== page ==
The trade market for Madison Bumgarner is starting to emerge, and a few teams are involved.
According to MLB Network’s Jon Morosi, the Philadelphia Phillies and Milwaukee Brewers are teams that have talked with the Giants about Bumgarner.
Madison Bumgarner’s trade market now coming into focus. #Phillies have spoken with #SFGiants about him and have a greater need for a left-handed co-ace with Patrick Corbin signing with rival #Nats. #Brewers are another possible destination. @MLB @MLBNetwork
— Jon Morosi (@jonmorosi) December 4, 2018
Bumgarner is under contract for next season at only $12 million, but he becomes a free agent after that. The 29-year-old has a career 3.03 ERA and is a four-time All-Star. He’s 8-3 with a 2.11 ERA in his postseason career and has helped carry the Giants to three World Series titles.
A previous report said the Giants are unlikely to trade Bumgarner, but new team president Farhan Zaidi has said he will not rule it out.
The Phillies could use a lefty ace after missing out on Patrick Corbin. The Brewers pushed the Dodgers to seven games in the NLCS last season and could use a top-end starter.
When you’re a general manager, it’s inevitable that you’re going to make a trade that doesn’t work out. Rarely, though, does one own up to it like Milwaukee Brewers general manager David Stearns did on Friday.
Stearns admitted that his move to acquire Jonathan Schoop from the Baltimore Orioles didn’t work, and even took full responsibility for its failure.
#Brewers GM David Stearns on the Jonathan Schoop trade: “Look, it was a bad deal and that’s on me.”
— Robert Murray (@ByRobertMurray) November 30, 2018
The Brewers acquired Schoop hoping he could be a regular middle infielder for them. After the trade, however, he hit just .202 in 46 games and went 0-for-8 in the playoffs. Perhaps Stearns could have seen it coming since Schoop’s old team had benched him a month before trading him, but the admission is better late than never.
The Houston Astros were accused of trying to steal signs through illegal means during both the ALDS and ALCS, but the paranoia has apparently not been limited to the American League.
According to Robert Murray of The Athletic, the Milwaukee Brewers suspect that the Los Angeles Dodgers have been trying to steal their signs in the NLCS with the help of video technology. Brewers catcher Erik Kratz has openly discussed the way his team has tried to mix signals to prevent the Dodgers from picking them up with runners on second, but there have been hints that Milwaukee suspects the espionage has gone beyond what’s legal.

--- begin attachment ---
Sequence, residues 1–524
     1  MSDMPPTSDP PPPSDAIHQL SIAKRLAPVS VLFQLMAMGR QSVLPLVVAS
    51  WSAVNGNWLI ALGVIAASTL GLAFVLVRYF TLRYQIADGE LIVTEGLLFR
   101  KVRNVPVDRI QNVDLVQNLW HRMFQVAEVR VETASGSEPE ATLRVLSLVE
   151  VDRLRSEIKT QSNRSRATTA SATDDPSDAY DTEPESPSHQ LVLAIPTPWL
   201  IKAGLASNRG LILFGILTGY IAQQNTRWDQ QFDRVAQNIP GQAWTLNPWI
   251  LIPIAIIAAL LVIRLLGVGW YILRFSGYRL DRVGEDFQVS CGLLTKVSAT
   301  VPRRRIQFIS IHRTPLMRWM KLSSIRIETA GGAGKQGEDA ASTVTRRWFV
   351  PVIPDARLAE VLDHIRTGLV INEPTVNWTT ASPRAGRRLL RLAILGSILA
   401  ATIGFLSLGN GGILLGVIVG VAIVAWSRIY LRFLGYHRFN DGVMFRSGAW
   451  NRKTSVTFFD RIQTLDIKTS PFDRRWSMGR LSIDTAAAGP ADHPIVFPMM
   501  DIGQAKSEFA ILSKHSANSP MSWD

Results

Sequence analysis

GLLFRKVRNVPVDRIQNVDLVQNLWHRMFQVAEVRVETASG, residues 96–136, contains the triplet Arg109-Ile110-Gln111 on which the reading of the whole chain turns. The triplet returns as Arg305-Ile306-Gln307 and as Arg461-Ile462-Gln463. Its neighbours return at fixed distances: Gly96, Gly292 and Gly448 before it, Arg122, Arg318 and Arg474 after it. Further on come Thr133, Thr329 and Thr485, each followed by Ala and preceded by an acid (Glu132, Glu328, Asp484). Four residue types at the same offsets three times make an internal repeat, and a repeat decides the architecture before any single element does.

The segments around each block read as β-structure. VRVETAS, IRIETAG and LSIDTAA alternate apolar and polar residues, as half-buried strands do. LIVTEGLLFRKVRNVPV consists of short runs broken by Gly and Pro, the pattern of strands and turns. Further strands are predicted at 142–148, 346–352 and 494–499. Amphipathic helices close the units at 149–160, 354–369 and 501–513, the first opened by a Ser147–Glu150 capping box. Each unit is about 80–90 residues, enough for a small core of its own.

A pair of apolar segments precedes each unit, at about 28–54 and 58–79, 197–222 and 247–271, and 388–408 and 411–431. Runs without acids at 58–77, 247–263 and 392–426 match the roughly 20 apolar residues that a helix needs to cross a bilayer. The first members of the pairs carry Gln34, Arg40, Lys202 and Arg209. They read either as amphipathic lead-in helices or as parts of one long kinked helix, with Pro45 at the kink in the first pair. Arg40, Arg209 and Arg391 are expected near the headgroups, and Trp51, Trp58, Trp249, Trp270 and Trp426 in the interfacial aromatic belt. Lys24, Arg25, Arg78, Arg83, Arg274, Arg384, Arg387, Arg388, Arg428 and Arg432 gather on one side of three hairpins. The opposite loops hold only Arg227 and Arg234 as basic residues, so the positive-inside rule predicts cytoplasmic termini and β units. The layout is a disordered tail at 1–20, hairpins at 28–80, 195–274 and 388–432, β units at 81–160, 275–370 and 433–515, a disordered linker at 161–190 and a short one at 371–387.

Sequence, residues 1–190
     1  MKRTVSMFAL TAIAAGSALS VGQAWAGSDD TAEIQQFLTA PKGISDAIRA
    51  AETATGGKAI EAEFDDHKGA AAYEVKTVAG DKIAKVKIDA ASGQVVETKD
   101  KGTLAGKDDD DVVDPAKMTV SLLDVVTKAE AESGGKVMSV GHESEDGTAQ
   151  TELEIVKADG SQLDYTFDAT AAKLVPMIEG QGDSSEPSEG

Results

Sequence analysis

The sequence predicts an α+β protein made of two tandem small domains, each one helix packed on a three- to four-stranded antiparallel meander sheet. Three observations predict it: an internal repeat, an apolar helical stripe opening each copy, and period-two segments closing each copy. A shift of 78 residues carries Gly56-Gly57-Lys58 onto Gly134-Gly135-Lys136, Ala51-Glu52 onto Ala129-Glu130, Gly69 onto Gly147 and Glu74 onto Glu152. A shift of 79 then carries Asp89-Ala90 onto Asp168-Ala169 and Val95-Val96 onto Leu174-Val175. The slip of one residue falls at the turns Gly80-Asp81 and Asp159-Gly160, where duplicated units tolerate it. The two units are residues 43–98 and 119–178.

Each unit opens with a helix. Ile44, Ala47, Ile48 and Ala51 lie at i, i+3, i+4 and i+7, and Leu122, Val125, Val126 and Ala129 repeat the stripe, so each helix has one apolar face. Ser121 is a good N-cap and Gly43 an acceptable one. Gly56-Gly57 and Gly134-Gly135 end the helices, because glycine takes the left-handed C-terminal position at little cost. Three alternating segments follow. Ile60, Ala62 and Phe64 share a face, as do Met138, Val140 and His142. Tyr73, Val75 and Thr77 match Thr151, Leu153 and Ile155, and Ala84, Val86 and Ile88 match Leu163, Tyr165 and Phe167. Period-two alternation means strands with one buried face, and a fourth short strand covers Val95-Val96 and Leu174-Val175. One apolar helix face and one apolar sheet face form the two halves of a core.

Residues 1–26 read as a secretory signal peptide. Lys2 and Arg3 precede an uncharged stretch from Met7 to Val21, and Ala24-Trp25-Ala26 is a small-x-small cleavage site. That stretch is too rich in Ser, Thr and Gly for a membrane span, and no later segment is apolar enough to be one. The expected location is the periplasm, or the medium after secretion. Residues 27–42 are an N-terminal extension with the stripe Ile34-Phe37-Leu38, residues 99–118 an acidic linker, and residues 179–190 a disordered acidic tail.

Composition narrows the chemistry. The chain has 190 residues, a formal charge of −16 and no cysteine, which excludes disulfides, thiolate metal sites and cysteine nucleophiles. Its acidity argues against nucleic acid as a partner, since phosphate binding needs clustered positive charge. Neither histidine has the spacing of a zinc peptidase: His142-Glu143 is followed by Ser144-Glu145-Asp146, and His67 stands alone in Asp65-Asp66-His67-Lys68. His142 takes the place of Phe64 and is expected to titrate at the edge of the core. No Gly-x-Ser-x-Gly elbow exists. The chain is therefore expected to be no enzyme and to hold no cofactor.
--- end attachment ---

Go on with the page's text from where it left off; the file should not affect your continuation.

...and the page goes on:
“You’ve seen a couple times where something looks a little bit off,” pitcher Zach Davies said. “That’s something that’s part of the game. When you start using technology and when you start using guys outside of the baseball team to try to figure out what set of signs a pitcher is using, that’s a little … that kind of crosses the line.”
While the Brewers have not come out and said it, sources told Murray they at one point noticed a Dodgers coach running from the hallway into the dugout whenever a runner reached second. That could, in theory, mean the coach was consulting a video feed and then relaying what he saw to the baserunner. While the Brewers don’t have any hard evidence, they relayed their concerns to Major League Baseball.
“They use video people to get sequences,” one source told Murray. “It’s known throughout the league. MLB knows it’s an issue.”
Whether all of these allegations we have heard are true or not, MLB knows there are some things that need to be addressed during the offseason. There has been way too much talk about cheating, and the Astros got off without penalty despite what sounded like some blatant attempts to bend the rules. Having the integrity of the game called into question is never a good thing, especially on the biggest stage.
The Milwaukee Brewers tried to pull a fast one in Game 5 of the NLCS on Wednesday, but Los Angeles Dodgers manager Dave Roberts did not fall for the ruse.
The Brewers controversially had lefty Wade Miley start the game, though he only faced one batter before being pulled. The reason for the move was Milwaukee tried to get the Dodgers to stack a more unfavorable lineup of all right-handed hitters to begin the game. However, the Dodgers were wise to the trick.
FOX MLB reporter Ken Rosenthal reported during the third inning that he asked the Dodgers about what the Brewers did with their starter and was told that “maybe [the Dodgers] suspected something was up.”
When the Dodgers faced Miley in Game 2 of the series, they started all right-handed hitters. For Game 5, they used two lefties — Cody Bellinger and Max Muncy — even batting Bellinger in the leadoff spot. They kept Yasiel Puig and Matt Kemp on the bench.
The Dodgers likely would not have started Bellinger and Muncy if they genuinely thought they would be facing a left-handed pitcher for most of the game.
Maneuvers like this one from Milwaukee may lead MLB to look more carefully at implementing a rule, which is something they are considering.
The Milwaukee Brewers pulled a fast one on the Los Angeles Dodgers with their Game 5 pitching decision.